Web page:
For 10 seconds sample time this month I reached out to the long lost Brisbane local who now resides in Japan, Matty Fresh. Obviously, due to logistics I couldn’t do the tour of his stood setup but I’m sure you’ll enjoy.
1. You’ve just pulled a gem of a sample, chopped it up or whatever your process might be. When it comes to a sequence for a track you just can’t get that vibe your after..What comes next?
I don’t like to spend too much time trying to make it work. If I haven’t got the general vibe of the beat within about 30 minutes I’ll usually just save the file and come back to it later, just keep it moving on to the next beat.
2. Tell us the story behind the Bulletproof Crates 7”, has it lead to any other projects?
DJ Sheep had the connect on that one. He made a few calls and made it happen. The timing was right, especially for the Roc Marciano track. Sheep had spent a few weeks in L.A. with Roc Marciano & the Arch Druids. When he got back we all connected and it came together.
With the J-Zone track, Sheep and J-Zone have been homies for a minute, Sheep hit him up and he did the drums with no hesitation.
The big thing we got from releasing the 7” is it has definitely given us an international fan base, especially with the XXL article and blogs like Ego Trip, Unkut and Nah Right posting it.
3. Has the way you approach beat making changed since you’ve acquired your most recent piece of equipment/software.
Not really. I bought an MPC 2500 when I got to Japan and just kept the same formula. I was using the 2000XL back in Australia so there wasn’t a big difference. In essence they both have the same work flow.
4. How is the digging/beat making/local hip-hop ‘scene’ in your part of Japan right now?
The digging scene has changed quite a bit in Japan since my first trip out here in 2006. A lot of the record stores have closed, especially in Tokyo. Once I could have just hit Shibuya on the regular and come up on all kinds of dope joints. Now you really have to search to find spots.
The beat making scene is cool, there’s a bunch of younger heads making some killer beats. Just like anywhere you’ve got a mix of good and not so good.
5. Production influences past and current.
Alchemist, Animoss (Arch Druids), DJ Premier, Pete Rock, Large Pro, Havoc, Roc Marciano, Vanderslice, Domingo, Harry Fraud, Lazy Grey, Cookin Soul, Dr. Dre, Buckwild, Evidence, Just Blaze, Jake One, Marco Polo, RZA…..
6. Incredible production but the MC let it down. Name a track or album like this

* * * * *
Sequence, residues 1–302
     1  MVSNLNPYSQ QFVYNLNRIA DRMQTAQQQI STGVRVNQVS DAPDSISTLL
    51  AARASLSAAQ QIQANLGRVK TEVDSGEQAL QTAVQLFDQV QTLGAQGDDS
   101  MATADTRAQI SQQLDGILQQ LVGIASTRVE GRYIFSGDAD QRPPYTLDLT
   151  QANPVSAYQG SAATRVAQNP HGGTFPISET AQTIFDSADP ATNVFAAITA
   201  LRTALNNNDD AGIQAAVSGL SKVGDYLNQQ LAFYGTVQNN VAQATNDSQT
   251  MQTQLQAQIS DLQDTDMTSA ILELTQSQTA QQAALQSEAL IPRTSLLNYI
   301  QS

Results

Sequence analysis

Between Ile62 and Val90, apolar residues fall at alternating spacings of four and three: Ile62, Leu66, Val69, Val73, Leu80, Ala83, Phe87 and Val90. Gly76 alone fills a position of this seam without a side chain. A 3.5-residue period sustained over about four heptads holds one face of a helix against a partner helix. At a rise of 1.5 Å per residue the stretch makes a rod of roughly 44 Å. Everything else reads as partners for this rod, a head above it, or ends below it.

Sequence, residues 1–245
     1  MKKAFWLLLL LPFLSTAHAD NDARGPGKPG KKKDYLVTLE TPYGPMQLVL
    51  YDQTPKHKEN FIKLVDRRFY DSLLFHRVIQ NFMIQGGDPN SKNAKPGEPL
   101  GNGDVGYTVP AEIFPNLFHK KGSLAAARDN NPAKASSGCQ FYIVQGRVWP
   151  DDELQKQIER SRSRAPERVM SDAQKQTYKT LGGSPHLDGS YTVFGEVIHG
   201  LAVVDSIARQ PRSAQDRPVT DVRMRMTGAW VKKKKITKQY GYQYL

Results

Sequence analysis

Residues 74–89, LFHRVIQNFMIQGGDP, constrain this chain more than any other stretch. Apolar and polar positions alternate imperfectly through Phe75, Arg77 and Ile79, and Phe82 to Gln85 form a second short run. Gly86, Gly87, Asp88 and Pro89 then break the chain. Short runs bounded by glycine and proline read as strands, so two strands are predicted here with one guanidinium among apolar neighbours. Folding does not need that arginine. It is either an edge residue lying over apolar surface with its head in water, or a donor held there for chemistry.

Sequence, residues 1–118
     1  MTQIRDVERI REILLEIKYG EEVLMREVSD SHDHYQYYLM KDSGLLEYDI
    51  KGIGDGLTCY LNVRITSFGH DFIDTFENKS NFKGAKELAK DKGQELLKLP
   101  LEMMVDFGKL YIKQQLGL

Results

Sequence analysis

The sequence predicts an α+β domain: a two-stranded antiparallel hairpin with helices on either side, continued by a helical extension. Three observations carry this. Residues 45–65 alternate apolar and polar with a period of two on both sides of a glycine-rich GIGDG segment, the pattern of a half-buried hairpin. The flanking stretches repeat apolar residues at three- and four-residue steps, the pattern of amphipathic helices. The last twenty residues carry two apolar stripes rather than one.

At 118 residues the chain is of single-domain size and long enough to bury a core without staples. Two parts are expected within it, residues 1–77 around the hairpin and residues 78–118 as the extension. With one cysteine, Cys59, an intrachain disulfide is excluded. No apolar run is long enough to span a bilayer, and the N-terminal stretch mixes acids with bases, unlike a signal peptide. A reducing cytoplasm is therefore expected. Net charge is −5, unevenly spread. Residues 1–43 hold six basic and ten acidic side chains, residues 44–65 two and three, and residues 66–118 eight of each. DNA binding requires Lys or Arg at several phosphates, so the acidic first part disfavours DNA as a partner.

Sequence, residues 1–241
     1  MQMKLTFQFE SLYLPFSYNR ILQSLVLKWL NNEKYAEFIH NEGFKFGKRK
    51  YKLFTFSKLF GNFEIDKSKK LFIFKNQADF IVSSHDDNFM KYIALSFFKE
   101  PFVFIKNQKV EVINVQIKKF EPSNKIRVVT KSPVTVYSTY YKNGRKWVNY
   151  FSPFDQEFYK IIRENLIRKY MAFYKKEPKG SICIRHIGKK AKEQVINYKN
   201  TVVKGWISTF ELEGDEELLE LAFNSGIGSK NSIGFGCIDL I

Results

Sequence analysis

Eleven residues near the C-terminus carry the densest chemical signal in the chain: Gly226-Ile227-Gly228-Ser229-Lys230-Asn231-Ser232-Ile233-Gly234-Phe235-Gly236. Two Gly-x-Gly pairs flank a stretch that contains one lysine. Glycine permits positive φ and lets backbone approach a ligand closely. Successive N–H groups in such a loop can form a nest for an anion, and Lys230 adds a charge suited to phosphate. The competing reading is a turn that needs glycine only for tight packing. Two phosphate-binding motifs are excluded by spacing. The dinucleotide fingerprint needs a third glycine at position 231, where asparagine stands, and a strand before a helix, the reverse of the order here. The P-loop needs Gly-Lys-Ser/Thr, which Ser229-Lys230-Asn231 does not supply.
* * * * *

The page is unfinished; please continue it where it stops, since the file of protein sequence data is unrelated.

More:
Off the top, I’m gonna say Big Noyd “On The Grind”. I’m a Big Noyd fan but that album kinda let me down for some reason.
7. What do you think gives a producer a signature sound, how much do you think equipment/software and sample selection has to do with it over their processes used.
I think it’s the person and not the equipment. What you do with a sample and how you do your drums, whether you use breaks and loops or if you chop the sample and do your own drums. I’ve heard beats done in Logic that sound like they’re done on an MPC and vice versa.
The signature sound comes over time, everyone seems develop a sound after being a producer for long enough.
8. How do you feel about this statement in the essence of beatmaking. “I found the same sample via you tube”
That’s a hard question. If it was someone just getting into the game and basing their whole career on YouTube samples then I wouldn’t feel to cool about it at all. I’m in 2 minds about the whole YouTube thing, I’m not gonna front, I have flipped a couple joints off YouTube in times where the sample was just too crazy and I knew I would never find the record or be able to get the record at a decent price. In my opinion, if you dig for records on the regular it’s cool if you want to grab a sample off the net every once in a while. But like I said if you gonna base your whole career on sampling off youtube and not know the history then that kinda kills the vibe. I’m definitely not a “purist” but without the knowledge of digging I’ve acquired over the years I don’t think I would feel the same about music.
9. Making a cohesive instrumental album would be a tricky thing for a lot of producers that are only familiar with making beats for MCs, was this a transition for you..The Ginza Crime Library and Still Sampling are very much a journey, does this take much planning for you or is a natural thing that comes with your samples?
I started out solely making beats, I never really worked with MC’s early on in the piece, so it’s kinda easy to be honest. I just think up a concept, something that influences me and get to work. With The Ginza Crime Library, that concept obviously comes from my connection to Japan and always watching Yakuza flicks.
Still Samplin’ just comes from still using samples in an era where a lot of people are playing keys, using live instruments and things of that nature. I generally make up a script in my head as if I was writing a short film and score the soundtrack to it.
10. You got 5k at your disposal, what are you going to buy for the stoods or would you take the nose blown and hookers route?
There’s not a great deal of studio equipment I really need at this stage. Maybe a new sound card. I’d probably use the 5K to reach out to some MC’s and put an album together. Maybe a Queens Bridge project or even just work with one MC and do an entire project. There’s a couple of artist I’d really like to work with. The first being AZ and the second would be Curren$y. If I could do a project with either of those 2, that’s where I’d spend the 5 G’s.
Check out Matty’s beats via his Soundcloud